Study Finds Wide Gap in Health Care Coverage Among Asian-Americans
Korean-Americans, Native Hawaiians and Pacific Islanders are twice as likely to be uninsured as whites, according to a study of Asian-Americans that the Kaiser Family Foundation and the Asian & Pacific Islander American Health Forum released Tuesday, the Sacramento Bee reports.
These Asian ethnic groups "are doing much worse than other subgroups in terms of health insurance and access to care," the study states.
Nationwide, the study found uninsured rates of:
- 24% among nonelderly Hawaiians and Pacific Islanders;
- 21% among Vietnamese;
- 14% among Filipinos; and
- 12% among Japanese and Indian-Americans.
Cara James, a Kaiser Family Foundation senior policy analyst for race and ethnicity, added that 31% of nonelderly Korean-Americans are uninsured, compared to 12% of non-Hispanic whites and 17% of Asian-Americans overall.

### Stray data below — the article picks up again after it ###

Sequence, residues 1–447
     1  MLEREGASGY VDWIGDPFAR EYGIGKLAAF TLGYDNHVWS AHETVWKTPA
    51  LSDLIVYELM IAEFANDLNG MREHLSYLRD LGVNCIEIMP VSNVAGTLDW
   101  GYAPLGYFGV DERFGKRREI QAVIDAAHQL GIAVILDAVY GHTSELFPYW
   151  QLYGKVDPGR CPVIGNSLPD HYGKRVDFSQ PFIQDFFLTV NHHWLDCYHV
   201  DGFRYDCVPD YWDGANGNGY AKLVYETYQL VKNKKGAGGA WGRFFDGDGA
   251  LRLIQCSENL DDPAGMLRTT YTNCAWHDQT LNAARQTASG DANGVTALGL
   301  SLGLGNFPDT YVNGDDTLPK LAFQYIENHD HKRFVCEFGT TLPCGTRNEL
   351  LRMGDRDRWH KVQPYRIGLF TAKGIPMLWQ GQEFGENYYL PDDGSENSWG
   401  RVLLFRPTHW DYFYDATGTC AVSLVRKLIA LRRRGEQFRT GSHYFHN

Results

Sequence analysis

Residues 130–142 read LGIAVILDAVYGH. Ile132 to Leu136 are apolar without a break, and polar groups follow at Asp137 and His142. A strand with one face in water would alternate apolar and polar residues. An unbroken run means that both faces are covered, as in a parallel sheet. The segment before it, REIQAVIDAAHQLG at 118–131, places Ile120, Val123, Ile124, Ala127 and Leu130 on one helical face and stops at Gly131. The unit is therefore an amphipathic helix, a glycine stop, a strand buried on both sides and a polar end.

James said the disparity is particularly acute in California.
Deanna Jang of the Asian & Pacific Islander American Health Forum said many of the state's uninsured Asian-Americans are eligible to obtain care from community clinics or through Healthy Families, California's version of the State Children's Health Insurance Program.
"Either they don't know how to access it or are afraid to access it because of their immigration status," Jang said (Magagnini, Sacramento Bee, 4/2).